To reduce delays, MTA to increase subway speed limits at 100 locations

Posted On Mon, December 10, 2018 By

Posted On Mon, December 10, 2018 By In Transportation

Via Wikimedia

The Metropolitan Transportation Authority over the weekend doubled the speed limit on parts of two lines in Brooklyn, the N and R trains, from 15 miles per hour to as much as 30 miles per hour. These lines are the first of many the MTA will speed up, with transit officials planning to change the speed limits at 100 locations by the spring, the New York Times reported on Monday. The changes in speed limits are part of NYC Transit Chief Andy Byford’s $40 billion plan to modernize the problem-plagued subway system and improve service. “This is all about getting the safe maximum out of the existing signaling system,” Byford told the Times.

The subway used to run a lot faster than it does today. But after two trains collided on the Williamsburg Bridge in 1995, killing a J-train operator and injuring dozens of riders, the MTA mandated lower speed limits. Signal systems were also altered to automatically trip a train’s brakes whether or not a train is ahead.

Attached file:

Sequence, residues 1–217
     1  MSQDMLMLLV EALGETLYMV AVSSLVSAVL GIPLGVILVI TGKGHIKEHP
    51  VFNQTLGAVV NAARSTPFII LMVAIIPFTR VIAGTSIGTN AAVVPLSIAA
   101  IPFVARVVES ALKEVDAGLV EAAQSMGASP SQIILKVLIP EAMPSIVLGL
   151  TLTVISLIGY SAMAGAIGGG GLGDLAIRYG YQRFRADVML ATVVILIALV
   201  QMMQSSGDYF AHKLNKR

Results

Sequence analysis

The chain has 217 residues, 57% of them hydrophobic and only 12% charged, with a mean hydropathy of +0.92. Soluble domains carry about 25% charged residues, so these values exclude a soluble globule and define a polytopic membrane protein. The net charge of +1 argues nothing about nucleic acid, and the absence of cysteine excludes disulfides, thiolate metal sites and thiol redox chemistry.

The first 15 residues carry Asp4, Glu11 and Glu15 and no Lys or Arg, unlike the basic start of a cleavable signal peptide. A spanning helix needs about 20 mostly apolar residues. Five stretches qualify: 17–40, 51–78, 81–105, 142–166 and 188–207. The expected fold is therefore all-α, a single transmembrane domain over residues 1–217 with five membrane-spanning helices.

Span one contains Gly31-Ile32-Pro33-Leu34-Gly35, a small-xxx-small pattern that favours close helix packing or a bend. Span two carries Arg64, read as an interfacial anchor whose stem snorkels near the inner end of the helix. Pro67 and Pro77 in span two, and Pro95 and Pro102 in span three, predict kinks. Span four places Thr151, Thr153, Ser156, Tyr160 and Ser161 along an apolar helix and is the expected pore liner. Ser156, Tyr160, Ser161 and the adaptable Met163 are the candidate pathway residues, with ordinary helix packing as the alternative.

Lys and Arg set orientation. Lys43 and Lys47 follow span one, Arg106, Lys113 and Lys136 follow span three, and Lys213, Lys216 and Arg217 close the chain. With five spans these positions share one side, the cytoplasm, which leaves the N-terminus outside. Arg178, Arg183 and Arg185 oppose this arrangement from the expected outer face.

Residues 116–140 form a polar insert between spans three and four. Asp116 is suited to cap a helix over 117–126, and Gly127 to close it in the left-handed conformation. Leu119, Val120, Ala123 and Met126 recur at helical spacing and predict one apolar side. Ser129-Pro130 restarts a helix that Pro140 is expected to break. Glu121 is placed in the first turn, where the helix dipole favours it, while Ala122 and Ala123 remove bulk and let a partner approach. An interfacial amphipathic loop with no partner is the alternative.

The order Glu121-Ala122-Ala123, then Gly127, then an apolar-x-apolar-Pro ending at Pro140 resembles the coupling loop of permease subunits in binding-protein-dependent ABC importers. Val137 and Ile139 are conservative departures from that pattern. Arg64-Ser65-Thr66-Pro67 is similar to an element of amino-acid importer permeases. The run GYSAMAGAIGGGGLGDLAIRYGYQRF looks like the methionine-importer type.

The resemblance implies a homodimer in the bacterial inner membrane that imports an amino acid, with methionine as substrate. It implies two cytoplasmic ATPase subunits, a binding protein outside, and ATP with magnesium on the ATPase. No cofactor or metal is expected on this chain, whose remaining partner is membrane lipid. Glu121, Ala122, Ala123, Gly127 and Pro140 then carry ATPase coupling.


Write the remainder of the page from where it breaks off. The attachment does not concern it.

The MTA has previously said delays are caused by overcrowding and increased “dwell time,” which is the period a train spends in the station loading and unloading straphangers. But Byford disagrees, citing the speed changes made decades ago as a major reason for the current delays plaguing the system.

According to a 2010 report by transit planner Matt Johnson, NYC trains travel at 17 miles per hour on average, the slowest of any heavy rail system in the country.

Byford created a three-person working group this summer to study the signal-timer system to evaluate how safety measures have slowed down service. The “speed unit” traveled every mile of track to find areas where trains could move faster while remaining safe. According to the Times, the group found 130 locations where speed limit should be increased. Just 34 locations have been approved for speed increases by an MTA safety committee.

The group also found 267 faulty signals, known as grade time signals, that were making operators pass through at slower speeds. If deficient, the signals could slow trains for no reason. Thirty of them have been repaired between Brooklyn’s DeKalb Avenue station and 36th Street Station, as well as near the 9th Avenue station.

[Via NY Times]

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